As the Western front opened on 10 May 1940 with a German invasion of Holland, Belgium and France, 27 bombs were dropped by the Luftwaffe on Northern Switzerland, and Swiss anti-aircraft guns drove away German bombers and fighters. A Swiss squadron of pursuit planes engaged the Luftwaffe and a Swiss ME-109 shot down a Heinkel-111, twin-engine bomber. This was the first of many instances in which the Swiss used aircraft, initially purchased from Germany, to shoot down Luftwaffe warplanes.


    German reconnaissance aircraft, equipped with cameras, flying over the fortified Northern frontier of Switzerland, were driven away by anti-aircraft fire. On 1 June, 36 German bombers entered Swiss air space and were attacked by Swiss ME-109’s. Two HE-111 bombers were shot down. The next day another HE-111 was shot down by a Swiss fighter. On 4 June, as the British army was being evacuated from Dunkirk, the Swiss Air Force was engaged in an intensive dog-fight with 29 German planes. Both Luftwaffe and Swiss planes were shot down. One German aircraft had the following order on board: “Lure the Swiss fighters into battle and shoot down as many as possible.” On 8 June, it was David against Goliath again – 15 Swiss aircraft engaged 28 Luftwaffe planes, resulting in the downing of 2 Swiss and 3 German aircraft.

    “Invasion Inevitable”

    World wide, the question was not whether the Wehrmacht would attack the Alpine Republic, but when. By 13 May, over 700 000 Swiss soldiers were mobilised – nearly 20% of the Swiss population, the highest percentage of any country in the war. As Italian troops massed on their Southern border, more divisions were rushed to the South. The League of Nations, the International Red Cross and the American Consul fled Geneva, Zurich and Basel in anticipation of the inevitable invasion. Aerial dog-fights between German and Swiss aircraft intensified. The USA urged all Americans in Switzerland to evacuate immediately. Holland and Belgium folded, and the British and French armies reeled back in retreat.


    To guard against sabotage, over 70 000 old rifles were issued to the Ortswehren or local defence units. And in reaction, the German government complained that the Swiss military was dispersing ammunitions and organising local citizens to wage partisan war if invaded!


    The military penal code was amended to provide for the death penalty for betrayal of military secrets and for treason. This was applicable to both soldiers and civilians. The Swiss prepared for the demolition of tunnels, bridges and railways in the event of invasion.


    On 16 June, 9 Nazi saboteurs were apprehended with large amounts of explosives, destined for Swiss air bases. Several Swiss were killed when the British Air Force accidentally bombed Geneva and Renens on 12 June. 14 June, Paris fell without a shot being fired. Gestapo spies were captured with lists of Swiss citizens to be seized, imprisoned or executed, upon occupation. Throughout the war, Nazi infiltrators and saboteurs continued to be apprehended. 18 June, Hitler and Mussolini discussed the conquest and division of Switzerland, between Germany and Italy. With the French surrender on 22 June, 1940, Switzerland was effectively surrounded.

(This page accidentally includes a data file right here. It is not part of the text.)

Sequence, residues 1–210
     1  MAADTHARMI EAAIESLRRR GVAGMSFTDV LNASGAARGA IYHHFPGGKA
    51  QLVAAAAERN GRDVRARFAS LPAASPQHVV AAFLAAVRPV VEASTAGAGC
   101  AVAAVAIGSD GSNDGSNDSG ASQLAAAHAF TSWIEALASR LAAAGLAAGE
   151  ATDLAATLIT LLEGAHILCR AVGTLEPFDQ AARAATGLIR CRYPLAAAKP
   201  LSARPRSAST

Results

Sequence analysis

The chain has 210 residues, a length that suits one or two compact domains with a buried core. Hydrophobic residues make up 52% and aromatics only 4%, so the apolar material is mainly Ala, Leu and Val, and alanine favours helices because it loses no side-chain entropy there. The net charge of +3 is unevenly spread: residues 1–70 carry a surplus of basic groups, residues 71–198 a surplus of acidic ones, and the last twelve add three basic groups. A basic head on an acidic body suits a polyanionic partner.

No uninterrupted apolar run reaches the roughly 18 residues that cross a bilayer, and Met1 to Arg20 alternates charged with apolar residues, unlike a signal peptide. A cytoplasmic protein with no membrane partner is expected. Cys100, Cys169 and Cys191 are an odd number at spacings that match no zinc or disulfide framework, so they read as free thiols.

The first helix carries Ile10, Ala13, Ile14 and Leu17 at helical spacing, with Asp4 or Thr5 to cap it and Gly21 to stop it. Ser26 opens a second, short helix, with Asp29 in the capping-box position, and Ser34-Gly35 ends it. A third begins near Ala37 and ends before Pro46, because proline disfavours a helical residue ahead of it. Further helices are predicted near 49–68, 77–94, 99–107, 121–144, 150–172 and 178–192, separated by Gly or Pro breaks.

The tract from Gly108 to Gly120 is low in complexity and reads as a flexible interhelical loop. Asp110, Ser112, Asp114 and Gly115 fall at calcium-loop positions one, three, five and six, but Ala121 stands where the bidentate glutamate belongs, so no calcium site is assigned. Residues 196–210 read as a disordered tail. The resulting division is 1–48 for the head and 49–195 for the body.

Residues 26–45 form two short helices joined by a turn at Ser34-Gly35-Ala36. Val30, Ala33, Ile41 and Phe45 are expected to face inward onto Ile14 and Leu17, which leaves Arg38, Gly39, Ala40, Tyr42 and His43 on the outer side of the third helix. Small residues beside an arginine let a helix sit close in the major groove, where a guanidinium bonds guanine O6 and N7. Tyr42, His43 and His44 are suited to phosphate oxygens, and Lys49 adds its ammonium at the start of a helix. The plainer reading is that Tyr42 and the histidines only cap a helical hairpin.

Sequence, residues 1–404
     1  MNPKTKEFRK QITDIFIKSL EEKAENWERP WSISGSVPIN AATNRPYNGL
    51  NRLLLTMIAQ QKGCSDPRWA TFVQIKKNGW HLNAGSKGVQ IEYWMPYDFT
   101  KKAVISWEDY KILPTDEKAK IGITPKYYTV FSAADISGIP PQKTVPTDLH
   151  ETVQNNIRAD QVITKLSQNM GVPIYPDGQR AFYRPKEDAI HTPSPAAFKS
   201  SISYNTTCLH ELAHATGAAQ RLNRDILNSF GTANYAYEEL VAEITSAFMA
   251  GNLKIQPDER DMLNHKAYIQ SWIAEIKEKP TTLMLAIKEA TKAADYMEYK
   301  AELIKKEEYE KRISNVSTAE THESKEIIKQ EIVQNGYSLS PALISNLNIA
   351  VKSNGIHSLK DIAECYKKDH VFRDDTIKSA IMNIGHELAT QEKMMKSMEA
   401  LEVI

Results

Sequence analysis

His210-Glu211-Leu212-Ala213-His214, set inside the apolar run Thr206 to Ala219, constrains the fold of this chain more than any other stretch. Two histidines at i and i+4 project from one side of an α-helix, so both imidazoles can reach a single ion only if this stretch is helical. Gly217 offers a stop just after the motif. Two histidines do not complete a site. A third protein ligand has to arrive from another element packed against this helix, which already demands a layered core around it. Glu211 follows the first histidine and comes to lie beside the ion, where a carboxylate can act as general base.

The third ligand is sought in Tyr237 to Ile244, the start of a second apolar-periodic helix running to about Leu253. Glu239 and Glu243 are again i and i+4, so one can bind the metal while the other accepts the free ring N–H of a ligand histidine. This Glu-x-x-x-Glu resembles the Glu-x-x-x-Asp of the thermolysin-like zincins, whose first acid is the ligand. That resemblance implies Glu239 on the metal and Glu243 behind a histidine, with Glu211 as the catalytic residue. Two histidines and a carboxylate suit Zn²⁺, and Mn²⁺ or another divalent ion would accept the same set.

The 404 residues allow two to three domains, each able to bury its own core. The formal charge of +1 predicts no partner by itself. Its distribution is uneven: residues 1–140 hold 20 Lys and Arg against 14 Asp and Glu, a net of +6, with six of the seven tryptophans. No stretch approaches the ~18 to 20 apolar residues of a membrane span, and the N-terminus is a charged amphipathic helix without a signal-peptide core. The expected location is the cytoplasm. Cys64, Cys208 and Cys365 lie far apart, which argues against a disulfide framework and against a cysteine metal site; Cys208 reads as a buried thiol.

German publications stated: “Switzerland must quickly be swallowed … Switzerland must not be allowed to stay out of the reorganisation of Europe.” Several military plans for the invasion of Switzerland were drawn up throughout WW II. After France was conquered and Italy entered the war, Switzerland offered the most direct route to transport men and supplies, between Italy and Germany. After the Allies invaded Italy in 1943, Germany’s need to swiftly deploy more troops and supplies into Italy became even more urgent. With the Allies advancing in 1944 – 45, the Nazi leadership planned to make a stand in the Alps.


    The Alpine Republic’s policy of armed neutrality was a complete success. Switzerland alone, among all the nations of Europe, successfully resisted 12 years of Nazi propaganda offensive, infiltration and subversion, and stared down repeated threats of invasion with calm determination and thorough preparations. The land of William Tell, Ulrich Zwingli, William Farrell and John Calvin, with its deep distrust of central governments, its abiding love for God’s Word and for life and Liberty, remained a bastion of freedom in a continent overrun by tyranny.


    As Europe became an ocean of conflict, Switzerland stood firm as a island of liberty. Those who desire peace and prosperity would do well to learn from their inspiring example.

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    Senior Member Hutz's Avatar
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    No Good Bloody Seppo California Joe's Avatar
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    Nice historical account Rister. Full of ***** but nicely written and quite patriotic. You don't think the fact that the Nazis needed a place to keep all their stolen money had anything to do with the lack of an invasion? While I'm sure the military and citizens would have fought fiercely to preserve their homes they would have got their asses kicked if the Germans had seriously wanted to take over Switzerland.

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    Senior Member mi35d's Avatar
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    Beat me to the punch...

    As Europe became an ocean of conflict, Switzerland stood firm as a island of liberty. Those who desire peace and prosperity would do well to learn from their inspiring example.

    Sure! Built on the fees of all that money deposited by people who oddly enough, weren't around after WW2 to claim their bucks or interest.

    Its the dark side of Switzerland that seems to get glossed over in the history books...